by Jill Morgan. London: Routledge-Cavendish, 2007. 512pp. Paper. £28.95/$56.95. ISBN: 9781845680145.
Reviewed by Caroline Hunter, School of Law, University of Manchester. E-mail: caroline.hunter [at] manchester.ac.uk.
Housing law is a difficult subject to pin down. In the preface to the first edition of the leading practitioner text on the subject (Arden and Partington 1983), the authors state that they have “aimed to bring into a single volume as comprehensive a treatment as possible of the law that is likely to affect all classes of occupiers of residential accommodation.” The latest edition of that text now runs to over 1200 pages. But significantly, the text also deals with those who are not occupiers – the homeless. It is not enough to deal with those who have residential accommodation – we have to consider those without and how they access it, and those who wish to swap between different classes of occupation.
Another problem with writing housing law texts is that it is a subject which is intimately bound up with policy. It is an area (at least in the UK) which the government has for a century and a half sought to regulate in various ways – by empowering local government to intervene, by restricting contractual rights, or simply by creating criminal offences (e.g. in relation to illegal evictions). It not only a site of regulation, it is also used by governments to promote broader policy objectives. The most obvious of these has been the promotion of home ownership, but also in the UK in recent years it has been increasingly a site of policies of crime and social control (see e.g. Flint 2006)
How then does Jill Morgan’s new book seek to address these issues? The introductory chapter sketches out some useful approaches to considering how housing law and policy interact, particularly picking up on the ideologies identified by McAuslan (1980) in his work on planning law and also on notions of the home. The problem is that this conceptual approach is not carried through in the remainder of the book, which is structured along traditional lines – breaking housing down into its traditional UK sectors (private renting, council housing, housing association housing and owner-occupation). While McAuslan’s second ideology of “orthodox public administration” may today have been transplanted by ideas around the regulatory state, this book does not follow through with any analysis of how far the recent developments in housing law conform to or challenge these larger ideas of the development of the neo-liberal state in the early twenty-first century. For a more theoretical understanding of the development of housing law readers will have to look elsewhere, for example to Stewart (1996) and Cowan and McDermont (2006).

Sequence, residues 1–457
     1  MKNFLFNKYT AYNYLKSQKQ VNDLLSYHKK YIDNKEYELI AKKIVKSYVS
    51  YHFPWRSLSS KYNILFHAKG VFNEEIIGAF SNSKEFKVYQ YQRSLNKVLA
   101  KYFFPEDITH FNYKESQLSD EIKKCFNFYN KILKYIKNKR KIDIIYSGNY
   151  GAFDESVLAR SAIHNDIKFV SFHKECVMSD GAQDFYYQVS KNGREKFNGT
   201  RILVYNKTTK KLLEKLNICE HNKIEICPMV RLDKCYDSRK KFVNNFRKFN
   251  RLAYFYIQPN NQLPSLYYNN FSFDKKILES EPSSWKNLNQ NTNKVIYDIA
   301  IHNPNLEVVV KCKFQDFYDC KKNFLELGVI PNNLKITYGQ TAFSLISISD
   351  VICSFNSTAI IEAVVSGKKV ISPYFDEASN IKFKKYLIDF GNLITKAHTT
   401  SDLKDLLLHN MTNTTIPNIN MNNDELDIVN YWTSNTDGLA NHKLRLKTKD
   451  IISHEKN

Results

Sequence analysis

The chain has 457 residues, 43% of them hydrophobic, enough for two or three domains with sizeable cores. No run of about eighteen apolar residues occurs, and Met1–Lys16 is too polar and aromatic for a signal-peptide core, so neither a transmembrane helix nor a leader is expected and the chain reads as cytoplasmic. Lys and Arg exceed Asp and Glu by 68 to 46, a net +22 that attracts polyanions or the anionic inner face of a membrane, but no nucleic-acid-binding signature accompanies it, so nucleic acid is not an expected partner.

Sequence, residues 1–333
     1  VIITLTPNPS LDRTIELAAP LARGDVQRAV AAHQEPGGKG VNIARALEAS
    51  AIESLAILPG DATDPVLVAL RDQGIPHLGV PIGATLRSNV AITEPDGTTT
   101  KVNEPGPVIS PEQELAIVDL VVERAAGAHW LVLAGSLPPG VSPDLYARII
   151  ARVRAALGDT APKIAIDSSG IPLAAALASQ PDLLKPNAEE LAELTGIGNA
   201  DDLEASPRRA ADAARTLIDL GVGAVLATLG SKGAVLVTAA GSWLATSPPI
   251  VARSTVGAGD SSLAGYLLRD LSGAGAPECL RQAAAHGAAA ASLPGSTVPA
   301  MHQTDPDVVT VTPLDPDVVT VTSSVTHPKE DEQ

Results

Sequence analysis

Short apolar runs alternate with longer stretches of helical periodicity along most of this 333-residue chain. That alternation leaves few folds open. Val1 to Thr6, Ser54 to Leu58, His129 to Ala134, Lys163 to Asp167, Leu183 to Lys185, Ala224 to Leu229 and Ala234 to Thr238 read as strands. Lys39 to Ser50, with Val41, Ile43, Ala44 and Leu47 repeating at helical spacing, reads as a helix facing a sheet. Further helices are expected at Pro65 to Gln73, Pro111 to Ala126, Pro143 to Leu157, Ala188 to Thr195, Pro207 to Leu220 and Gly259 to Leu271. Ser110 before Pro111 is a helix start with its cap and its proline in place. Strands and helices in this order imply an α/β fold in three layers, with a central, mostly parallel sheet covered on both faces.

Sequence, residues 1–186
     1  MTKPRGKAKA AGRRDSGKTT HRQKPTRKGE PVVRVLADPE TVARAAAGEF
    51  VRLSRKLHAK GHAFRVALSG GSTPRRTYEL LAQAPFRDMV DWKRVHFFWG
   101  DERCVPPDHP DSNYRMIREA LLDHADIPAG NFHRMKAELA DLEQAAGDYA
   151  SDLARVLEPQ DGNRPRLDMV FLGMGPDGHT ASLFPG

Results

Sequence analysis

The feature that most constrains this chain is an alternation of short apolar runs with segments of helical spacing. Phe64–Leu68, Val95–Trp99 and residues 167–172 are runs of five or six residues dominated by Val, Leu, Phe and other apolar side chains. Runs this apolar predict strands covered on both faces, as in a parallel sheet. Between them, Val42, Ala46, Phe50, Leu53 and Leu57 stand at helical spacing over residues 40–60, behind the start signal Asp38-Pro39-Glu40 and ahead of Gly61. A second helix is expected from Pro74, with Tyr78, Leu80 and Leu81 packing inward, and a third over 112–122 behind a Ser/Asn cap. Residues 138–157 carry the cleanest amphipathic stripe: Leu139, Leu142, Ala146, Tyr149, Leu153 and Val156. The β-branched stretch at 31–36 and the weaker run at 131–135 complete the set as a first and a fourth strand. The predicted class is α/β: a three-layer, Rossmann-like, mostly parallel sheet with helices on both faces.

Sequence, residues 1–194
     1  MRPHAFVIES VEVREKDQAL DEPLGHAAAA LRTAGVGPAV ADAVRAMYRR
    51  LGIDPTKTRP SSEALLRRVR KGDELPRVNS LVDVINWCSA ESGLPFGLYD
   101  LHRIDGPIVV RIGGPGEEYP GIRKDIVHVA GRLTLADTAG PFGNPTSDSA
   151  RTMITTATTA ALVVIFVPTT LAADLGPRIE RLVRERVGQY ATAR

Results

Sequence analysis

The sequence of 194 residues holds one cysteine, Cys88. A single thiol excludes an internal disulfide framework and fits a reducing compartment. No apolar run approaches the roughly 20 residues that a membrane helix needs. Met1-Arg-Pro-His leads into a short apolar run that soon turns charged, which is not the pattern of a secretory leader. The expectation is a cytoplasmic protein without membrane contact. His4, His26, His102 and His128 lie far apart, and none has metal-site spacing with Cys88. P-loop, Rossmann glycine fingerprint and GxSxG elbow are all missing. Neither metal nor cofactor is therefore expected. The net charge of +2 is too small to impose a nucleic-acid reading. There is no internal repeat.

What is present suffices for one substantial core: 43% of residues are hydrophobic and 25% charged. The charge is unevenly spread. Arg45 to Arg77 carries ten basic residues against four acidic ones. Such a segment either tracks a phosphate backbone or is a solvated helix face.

I also found the structure which starts with an overview of the four housing tenures (plus homelessness), moves on [*752] to some universal issues (entitled “General Concerns) – the regulation of rents, repairs, succession and homelessness – before returning to the detail of the regulation of the private rented sector, and council and housing association sectors, both confusing and at times leading to repetition. The difficulty with providing an overview sketching the policy history in relation to the particular areas and then returning later to the detailed legal provisions is that it divorces any discussion as to how the two interrelate. Even within the chapters, the role of policy in shaping law and role of law in (mis)shaping policy are rarely debated. Thus the chapter on repairs touches on the decent homes standard (although what it comprises is not explained, and the reader who is not familiar with UK housing policy may be puzzled by the term) introduced by the current Labour government as a non-legal standard up to which all social housing landlords were required to bring their homes. Its interrelation with the legal repairing covenant is briefly touched on (p.123), but the discussion is very limited and does not begin to explore why a regulatory mode of governance which does not bring with it any individual rights has been far more successful in updating homes than 45 years of a statutorily implied repairing covenant.